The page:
Think all land looks the same? Think again. Choosing the wrong dirt could make or break your portfolio!
Land is quite a popular option among many investors, and often for good reason. New land releases can often be in locations soon to be laden with infrastructure upgrades, brand new shiny amenities and well kept parklands that secretly are being primed for development awards.
But can you go wrong with land? You most certainly can. You might think there is no difference between different patches of dirt, but you would be very mistaken.
It can be crucial to make sure you do some investigating and digging (not the physical kind) before you go ahead and place that holding deposit.
When depositing on a block of land, in many cases you are putting your money down before an excavator has begun. How are you meant to know what the area looks like? The sales agent may be telling you it’s between the two trees, just before the kangaroo, but that means nothing when the bitumen road runs through.
Because you are buying so early, it can be a concern. Are you buying at an unsustainable rate? What will happen in the next 12 months? You’ll want to make sure that your lot is safeguarded, and that there is supporting infrastructure following it, otherwise your dirt may remain dirt cheap.
Do your research and find out who is tossing the dirt on your behalf. Buying in estates from Mirvac, Stockland and Lend Lease can provide you some safety, as these are the big players and unlikely to go bust or play dirty games (excuse the dirt puns).
You won’t want to buy and wait 12 months only to find the developer is playing dirty, and trying to rescind your contract to pocket the capital gains for themselves. You’ll also want to make sure they are capable of completing a land subdivision. Find out what they have done before. Call agents and ask how the process went and on time.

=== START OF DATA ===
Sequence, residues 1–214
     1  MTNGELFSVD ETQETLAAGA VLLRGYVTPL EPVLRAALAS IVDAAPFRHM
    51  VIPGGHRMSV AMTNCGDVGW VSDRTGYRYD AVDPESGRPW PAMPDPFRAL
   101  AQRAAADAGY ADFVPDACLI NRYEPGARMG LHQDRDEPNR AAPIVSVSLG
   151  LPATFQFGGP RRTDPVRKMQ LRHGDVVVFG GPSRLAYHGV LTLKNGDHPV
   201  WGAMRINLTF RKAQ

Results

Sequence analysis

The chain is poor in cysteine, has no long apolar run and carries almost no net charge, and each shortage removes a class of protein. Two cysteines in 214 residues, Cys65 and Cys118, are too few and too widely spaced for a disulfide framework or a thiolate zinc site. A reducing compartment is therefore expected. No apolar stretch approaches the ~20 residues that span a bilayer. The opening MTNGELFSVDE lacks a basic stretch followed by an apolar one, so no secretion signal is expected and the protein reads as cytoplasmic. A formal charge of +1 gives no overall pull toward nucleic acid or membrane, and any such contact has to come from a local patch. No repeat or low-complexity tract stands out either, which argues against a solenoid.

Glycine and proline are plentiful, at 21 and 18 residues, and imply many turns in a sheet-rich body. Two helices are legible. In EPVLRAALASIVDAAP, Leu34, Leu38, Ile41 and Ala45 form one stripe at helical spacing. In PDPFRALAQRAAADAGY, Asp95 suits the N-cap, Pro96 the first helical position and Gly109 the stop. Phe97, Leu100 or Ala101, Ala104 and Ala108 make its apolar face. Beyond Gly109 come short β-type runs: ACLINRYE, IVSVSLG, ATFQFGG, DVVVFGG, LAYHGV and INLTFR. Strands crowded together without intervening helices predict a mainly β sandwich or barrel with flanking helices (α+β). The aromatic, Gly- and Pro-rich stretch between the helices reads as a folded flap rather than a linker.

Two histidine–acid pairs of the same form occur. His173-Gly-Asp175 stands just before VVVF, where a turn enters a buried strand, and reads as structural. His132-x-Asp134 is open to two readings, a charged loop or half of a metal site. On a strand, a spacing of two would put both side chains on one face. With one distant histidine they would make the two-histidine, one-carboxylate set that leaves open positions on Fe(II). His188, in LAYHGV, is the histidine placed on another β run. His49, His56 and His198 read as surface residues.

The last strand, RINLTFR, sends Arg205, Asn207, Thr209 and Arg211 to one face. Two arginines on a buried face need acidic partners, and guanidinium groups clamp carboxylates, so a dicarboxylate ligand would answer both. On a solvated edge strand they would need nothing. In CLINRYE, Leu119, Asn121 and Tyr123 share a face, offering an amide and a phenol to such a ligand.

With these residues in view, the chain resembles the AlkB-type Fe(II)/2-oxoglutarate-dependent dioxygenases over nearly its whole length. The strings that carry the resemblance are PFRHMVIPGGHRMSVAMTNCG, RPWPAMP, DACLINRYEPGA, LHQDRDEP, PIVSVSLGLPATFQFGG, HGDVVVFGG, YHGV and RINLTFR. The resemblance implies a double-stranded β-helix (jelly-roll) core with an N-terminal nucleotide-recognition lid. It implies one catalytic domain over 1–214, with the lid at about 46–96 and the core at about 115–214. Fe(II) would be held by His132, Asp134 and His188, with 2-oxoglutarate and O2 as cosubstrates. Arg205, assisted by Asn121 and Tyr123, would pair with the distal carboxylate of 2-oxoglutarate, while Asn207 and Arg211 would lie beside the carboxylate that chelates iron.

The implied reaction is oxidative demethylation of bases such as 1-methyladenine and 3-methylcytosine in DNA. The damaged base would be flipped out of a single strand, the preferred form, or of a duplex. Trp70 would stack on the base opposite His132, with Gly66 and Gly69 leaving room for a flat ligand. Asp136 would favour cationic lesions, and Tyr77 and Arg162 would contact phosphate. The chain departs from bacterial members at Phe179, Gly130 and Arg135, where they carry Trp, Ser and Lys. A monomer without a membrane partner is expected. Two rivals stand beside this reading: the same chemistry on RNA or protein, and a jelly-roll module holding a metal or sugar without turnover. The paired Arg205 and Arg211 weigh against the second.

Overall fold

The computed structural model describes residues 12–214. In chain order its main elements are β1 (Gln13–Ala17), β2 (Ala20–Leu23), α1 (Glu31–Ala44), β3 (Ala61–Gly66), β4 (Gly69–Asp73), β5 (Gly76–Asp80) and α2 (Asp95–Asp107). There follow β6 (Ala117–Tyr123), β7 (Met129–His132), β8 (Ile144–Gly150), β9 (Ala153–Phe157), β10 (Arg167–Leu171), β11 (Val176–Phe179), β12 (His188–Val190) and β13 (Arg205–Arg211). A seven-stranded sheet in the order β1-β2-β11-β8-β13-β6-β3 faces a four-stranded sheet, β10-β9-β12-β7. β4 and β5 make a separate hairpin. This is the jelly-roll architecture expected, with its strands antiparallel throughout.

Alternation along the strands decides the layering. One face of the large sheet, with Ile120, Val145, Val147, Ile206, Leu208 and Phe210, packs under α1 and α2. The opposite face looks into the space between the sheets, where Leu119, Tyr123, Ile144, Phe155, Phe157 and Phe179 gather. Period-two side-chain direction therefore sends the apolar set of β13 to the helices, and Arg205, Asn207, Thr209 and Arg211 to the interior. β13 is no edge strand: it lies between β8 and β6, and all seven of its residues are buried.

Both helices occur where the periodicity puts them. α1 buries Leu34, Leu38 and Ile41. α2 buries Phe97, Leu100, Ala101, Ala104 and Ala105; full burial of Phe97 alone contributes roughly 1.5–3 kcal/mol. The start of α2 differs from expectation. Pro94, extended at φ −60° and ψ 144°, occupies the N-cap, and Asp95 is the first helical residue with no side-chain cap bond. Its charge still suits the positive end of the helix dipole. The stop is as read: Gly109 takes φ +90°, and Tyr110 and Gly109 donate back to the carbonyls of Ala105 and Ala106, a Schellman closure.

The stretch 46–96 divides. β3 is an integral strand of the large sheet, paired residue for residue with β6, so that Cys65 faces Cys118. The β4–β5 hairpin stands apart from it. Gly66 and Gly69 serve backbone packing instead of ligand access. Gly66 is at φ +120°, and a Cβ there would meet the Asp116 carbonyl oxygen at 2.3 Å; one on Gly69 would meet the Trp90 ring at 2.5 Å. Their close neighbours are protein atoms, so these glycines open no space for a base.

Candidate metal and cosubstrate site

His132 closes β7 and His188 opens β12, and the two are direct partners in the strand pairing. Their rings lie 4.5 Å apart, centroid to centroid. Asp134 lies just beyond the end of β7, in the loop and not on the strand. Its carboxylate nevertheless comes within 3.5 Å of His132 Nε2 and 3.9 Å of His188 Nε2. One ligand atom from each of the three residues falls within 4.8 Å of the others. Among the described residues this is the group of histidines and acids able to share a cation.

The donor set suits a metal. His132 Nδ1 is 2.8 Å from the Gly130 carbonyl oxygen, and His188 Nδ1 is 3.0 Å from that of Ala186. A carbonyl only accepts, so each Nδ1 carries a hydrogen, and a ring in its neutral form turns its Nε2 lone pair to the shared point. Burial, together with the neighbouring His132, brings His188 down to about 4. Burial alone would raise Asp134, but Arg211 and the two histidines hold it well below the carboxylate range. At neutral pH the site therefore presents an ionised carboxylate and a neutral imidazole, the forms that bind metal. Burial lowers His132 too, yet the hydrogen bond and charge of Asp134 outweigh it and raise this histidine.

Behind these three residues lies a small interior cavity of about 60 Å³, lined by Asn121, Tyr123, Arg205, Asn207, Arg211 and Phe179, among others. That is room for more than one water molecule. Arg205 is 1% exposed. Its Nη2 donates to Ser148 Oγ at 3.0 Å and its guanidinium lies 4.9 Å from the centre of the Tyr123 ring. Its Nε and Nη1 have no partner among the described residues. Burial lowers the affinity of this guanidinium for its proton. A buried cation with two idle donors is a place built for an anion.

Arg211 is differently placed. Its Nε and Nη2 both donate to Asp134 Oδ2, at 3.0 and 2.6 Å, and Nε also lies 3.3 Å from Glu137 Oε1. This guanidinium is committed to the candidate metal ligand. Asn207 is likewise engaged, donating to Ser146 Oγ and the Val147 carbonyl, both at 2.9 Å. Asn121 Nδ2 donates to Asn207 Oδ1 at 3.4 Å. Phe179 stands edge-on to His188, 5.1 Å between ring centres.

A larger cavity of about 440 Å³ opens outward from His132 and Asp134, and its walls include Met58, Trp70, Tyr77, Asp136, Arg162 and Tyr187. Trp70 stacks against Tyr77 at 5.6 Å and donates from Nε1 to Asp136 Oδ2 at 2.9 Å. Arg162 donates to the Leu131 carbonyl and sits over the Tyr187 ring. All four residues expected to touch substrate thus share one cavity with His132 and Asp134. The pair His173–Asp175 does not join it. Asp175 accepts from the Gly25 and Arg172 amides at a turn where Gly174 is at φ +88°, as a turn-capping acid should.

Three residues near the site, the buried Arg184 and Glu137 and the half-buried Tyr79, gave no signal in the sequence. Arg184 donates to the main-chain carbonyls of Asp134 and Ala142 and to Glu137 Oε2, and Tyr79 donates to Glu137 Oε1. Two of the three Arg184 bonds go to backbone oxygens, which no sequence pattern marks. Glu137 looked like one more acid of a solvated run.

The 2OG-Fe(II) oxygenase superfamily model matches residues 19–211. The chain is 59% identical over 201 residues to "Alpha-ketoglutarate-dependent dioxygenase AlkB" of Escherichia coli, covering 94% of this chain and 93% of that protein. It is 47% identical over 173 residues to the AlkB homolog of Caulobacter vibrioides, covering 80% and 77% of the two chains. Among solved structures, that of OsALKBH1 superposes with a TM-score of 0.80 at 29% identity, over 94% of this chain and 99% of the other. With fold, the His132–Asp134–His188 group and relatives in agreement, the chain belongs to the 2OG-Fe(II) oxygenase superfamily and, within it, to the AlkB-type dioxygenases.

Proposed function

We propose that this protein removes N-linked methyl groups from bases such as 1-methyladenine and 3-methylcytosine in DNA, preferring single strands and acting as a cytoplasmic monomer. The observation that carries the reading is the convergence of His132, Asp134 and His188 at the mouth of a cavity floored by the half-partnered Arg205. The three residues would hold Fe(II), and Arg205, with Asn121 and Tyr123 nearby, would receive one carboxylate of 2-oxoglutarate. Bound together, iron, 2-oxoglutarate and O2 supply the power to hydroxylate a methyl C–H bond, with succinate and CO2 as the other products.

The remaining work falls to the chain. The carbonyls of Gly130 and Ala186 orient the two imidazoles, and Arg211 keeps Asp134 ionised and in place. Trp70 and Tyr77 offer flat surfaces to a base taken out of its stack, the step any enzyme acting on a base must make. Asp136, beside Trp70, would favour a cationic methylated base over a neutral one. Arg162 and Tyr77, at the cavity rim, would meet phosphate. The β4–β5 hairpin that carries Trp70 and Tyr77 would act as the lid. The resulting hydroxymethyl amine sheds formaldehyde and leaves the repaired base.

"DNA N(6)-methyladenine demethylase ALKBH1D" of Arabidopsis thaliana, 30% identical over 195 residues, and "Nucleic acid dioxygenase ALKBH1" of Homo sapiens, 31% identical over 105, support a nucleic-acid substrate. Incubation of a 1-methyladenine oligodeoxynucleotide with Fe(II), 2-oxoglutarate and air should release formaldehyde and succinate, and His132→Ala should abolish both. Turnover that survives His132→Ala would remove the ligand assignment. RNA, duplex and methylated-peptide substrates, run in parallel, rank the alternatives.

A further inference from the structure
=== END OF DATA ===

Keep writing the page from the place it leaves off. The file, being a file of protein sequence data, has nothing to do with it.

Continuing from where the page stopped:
Development Applications and Funding
Time can be of the essence in your process, particularly if you look to lock yourself into a fixed building contract soon after. Find out in your development whether the developer has achieved his DA, or whether it is still pending. This is very important. If the DA is with council, just write off that expected completion time frame.
In most cases, the DA will be held up, and thus the construction time frame may also be pushed back. Don’t expect it to be completely on time, between the DA, weather, construction time frames, I always recommend adding 3-4 months onto any expectations being sold to you, as some things are out of the developer’s control.
Make sure to ask whether the developer has hit their funding requirements. These days, a bank will require a certain amount of pre-sales before they will attain funding to begin their development. You don’t want to be one of those lucky first few, because if sales are slow, the tractors won’t be hitting the dirt anytime soon!
It may be a new area, but picking the right location before it kicks off is important. Research where the local schools will be, or are, the transport, arterial roads and parks. Situating yourself near the future amenities may pay big dollars one day, when the area becomes established. Being close (but not right on) major roads means more potential chance of transport routes and services too.
Make sure you don’t just go for the cheapest option, because there is a reason why the land is dirt cheap, it’s probably dirt awful.
It can be important to find a block with the right facing. Modern day development laws require a certain amount of sunlight into the private outdoor spaces in most jurisdictions, but still, North facing is the prevailing favourite, followed by East facing blocks. These have the most sunlight across most of the year. Capitalise on that, and try to avoid the lot that’ll be more in the shade than others.